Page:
Post Options Post Options   Thanks (0) Thanks(0)     Back to Top Direct Link To This Post Posted: May/16/2011 at 11:27
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I would be nice if a few more people who are really in the know would comment on this. 6" at 600 yards does not seem like alot considering that you would have to have bad eye placement, and that any shot that far would be a planned shot that would give the shooter time to align properly. I am talking about hunting applications, and not competitive shooting.
Post Options Post Options   Thanks (0) Thanks(0)     Back to Top Direct Link To This Post Posted: May/16/2011 at 14:16
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http://www.snipershide.com/forum/ubbthreads.php?ubb=showflat&Number=2555963#Post2555963
Post Options Post Options   Thanks (0) Thanks(0)     Back to Top Direct Link To This Post Posted: May/16/2011 at 14:46
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Originally posted by coldhunt coldhunt wrote:

I would be nice if a few more people who are really in the know would comment on this.


ouch.

Ouch
Post Options Post Options   Thanks (0) Thanks(0)     Back to Top Direct Link To This Post Posted: May/16/2011 at 14:53
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I for one do not understand parallax and choose not to; it is an ever-present excuse for bad results.  "My form is perfect, it's that damned parallax that caused the miss!"  Most other shooters don't understand parallax well enough to know that my shooting sucks, with or without proper parallax correction.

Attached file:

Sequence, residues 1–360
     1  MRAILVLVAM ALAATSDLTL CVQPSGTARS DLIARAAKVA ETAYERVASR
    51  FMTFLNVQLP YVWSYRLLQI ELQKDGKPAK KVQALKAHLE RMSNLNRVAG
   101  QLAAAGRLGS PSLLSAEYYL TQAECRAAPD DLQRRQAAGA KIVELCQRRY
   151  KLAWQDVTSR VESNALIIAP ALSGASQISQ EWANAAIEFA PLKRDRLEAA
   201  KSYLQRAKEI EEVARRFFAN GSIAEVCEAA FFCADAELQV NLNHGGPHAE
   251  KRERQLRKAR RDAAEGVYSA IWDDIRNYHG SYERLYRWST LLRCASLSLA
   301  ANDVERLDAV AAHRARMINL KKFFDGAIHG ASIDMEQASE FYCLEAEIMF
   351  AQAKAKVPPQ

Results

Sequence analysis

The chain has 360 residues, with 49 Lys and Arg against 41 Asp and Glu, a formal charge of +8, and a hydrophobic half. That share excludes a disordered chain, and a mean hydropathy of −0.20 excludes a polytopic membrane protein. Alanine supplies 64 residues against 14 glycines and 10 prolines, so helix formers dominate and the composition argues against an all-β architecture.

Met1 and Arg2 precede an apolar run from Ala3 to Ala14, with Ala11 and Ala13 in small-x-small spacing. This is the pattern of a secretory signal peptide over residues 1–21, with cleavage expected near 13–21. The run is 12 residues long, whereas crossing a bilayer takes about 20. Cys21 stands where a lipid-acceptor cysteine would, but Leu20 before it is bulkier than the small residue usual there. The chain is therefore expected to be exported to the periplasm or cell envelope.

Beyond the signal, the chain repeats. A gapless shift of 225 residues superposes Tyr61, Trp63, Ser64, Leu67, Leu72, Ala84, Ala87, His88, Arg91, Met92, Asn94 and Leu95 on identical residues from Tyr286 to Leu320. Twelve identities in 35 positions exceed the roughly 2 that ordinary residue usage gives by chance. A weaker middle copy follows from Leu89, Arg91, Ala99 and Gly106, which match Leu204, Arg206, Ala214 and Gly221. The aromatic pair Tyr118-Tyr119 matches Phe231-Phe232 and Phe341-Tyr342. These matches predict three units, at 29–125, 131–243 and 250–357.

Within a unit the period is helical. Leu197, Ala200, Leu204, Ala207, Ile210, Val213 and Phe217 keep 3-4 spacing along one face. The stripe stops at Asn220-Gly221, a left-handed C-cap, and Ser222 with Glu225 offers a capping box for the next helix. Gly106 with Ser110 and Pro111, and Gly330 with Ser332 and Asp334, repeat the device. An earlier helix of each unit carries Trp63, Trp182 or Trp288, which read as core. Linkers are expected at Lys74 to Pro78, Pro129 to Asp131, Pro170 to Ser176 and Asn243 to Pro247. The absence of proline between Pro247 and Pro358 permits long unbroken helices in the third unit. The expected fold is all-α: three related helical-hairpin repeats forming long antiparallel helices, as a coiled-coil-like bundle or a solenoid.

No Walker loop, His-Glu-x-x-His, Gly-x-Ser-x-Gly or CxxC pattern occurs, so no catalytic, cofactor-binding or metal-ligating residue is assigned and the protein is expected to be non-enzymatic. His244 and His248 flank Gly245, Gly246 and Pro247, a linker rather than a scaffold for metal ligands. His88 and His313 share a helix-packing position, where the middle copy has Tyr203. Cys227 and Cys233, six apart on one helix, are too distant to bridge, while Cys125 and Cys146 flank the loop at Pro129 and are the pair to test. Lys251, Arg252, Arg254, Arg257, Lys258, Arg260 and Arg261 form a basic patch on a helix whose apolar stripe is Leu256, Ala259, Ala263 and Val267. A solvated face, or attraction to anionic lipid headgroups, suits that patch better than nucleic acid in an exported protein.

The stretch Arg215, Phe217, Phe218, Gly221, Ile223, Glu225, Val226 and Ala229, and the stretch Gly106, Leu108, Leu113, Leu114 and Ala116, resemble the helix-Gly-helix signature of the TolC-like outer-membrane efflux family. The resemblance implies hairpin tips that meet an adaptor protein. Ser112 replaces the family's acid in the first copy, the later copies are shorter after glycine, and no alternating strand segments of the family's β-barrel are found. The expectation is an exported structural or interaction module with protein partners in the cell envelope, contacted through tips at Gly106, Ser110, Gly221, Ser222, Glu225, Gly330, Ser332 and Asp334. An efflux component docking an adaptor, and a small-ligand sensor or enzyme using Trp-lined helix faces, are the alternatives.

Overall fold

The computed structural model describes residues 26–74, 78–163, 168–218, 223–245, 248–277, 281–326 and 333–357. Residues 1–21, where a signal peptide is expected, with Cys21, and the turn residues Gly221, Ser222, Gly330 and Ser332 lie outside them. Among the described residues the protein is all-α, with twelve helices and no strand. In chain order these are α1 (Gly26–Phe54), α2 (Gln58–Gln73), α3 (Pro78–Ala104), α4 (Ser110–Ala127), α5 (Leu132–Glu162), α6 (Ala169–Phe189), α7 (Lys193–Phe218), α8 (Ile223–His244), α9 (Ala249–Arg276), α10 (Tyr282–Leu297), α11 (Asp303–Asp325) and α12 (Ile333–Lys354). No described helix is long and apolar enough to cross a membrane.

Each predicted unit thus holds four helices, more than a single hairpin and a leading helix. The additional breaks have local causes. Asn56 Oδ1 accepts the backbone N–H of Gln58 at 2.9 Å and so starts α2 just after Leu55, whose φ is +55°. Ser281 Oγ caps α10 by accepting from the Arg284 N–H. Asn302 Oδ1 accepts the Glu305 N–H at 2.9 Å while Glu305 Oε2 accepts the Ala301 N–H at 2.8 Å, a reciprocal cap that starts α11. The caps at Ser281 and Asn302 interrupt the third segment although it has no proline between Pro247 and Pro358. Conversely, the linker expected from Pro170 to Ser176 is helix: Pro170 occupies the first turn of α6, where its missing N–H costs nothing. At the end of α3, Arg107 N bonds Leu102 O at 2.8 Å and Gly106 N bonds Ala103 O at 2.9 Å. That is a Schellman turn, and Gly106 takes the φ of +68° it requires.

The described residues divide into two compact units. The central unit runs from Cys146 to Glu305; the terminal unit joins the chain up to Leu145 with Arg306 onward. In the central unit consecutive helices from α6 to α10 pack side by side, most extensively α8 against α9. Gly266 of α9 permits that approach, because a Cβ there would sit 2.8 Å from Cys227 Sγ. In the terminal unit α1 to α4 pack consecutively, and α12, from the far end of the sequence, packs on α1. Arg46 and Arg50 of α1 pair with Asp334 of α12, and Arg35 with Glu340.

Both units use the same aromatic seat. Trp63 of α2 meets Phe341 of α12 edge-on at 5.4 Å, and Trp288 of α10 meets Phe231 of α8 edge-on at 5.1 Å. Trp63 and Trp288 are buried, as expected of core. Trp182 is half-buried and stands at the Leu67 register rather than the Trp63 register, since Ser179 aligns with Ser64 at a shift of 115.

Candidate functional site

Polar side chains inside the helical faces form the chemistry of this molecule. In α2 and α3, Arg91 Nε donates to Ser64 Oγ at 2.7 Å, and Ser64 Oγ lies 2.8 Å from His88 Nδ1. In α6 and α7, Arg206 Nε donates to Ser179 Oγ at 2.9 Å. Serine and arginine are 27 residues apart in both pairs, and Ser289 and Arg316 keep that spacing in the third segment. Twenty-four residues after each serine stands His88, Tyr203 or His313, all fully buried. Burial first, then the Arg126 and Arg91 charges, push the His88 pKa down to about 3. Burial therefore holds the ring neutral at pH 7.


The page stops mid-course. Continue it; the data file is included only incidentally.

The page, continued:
If you know all, your gear is awesome, and your form is perfect; a miss can be attributed to nothing other than parallax.

Or star mis-alignment.

Or a bad piece of brass.

Or a sudden drop in barometric pressure.

Or a temporary suspension of the laws of physics along my bullet trajectory.

Or a wormhole (which is entirely different than a suspension of physics.)

Or a loose base screw.

Or a calculus error made by my weather station (a rate of change of a rate of change, after all.)

Or a powder dispenser error beyond my control.

Or...
Post Options Post Options   Thanks (0) Thanks(0)     Back to Top Direct Link To This Post Posted: May/16/2011 at 16:47
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I only worry about it for my varmint rig (long range,small target) and on .22s when I have the power cranked up higher at short range to hit teeny targets.

For your average big game rifle scope, with less than 16x top magnification, it's not a big concern. DOF is sufficient at range that nothing ever goes out of focus too badly, and the max parallax error dwindles to insignificance compared with everything else that can send a shot awry.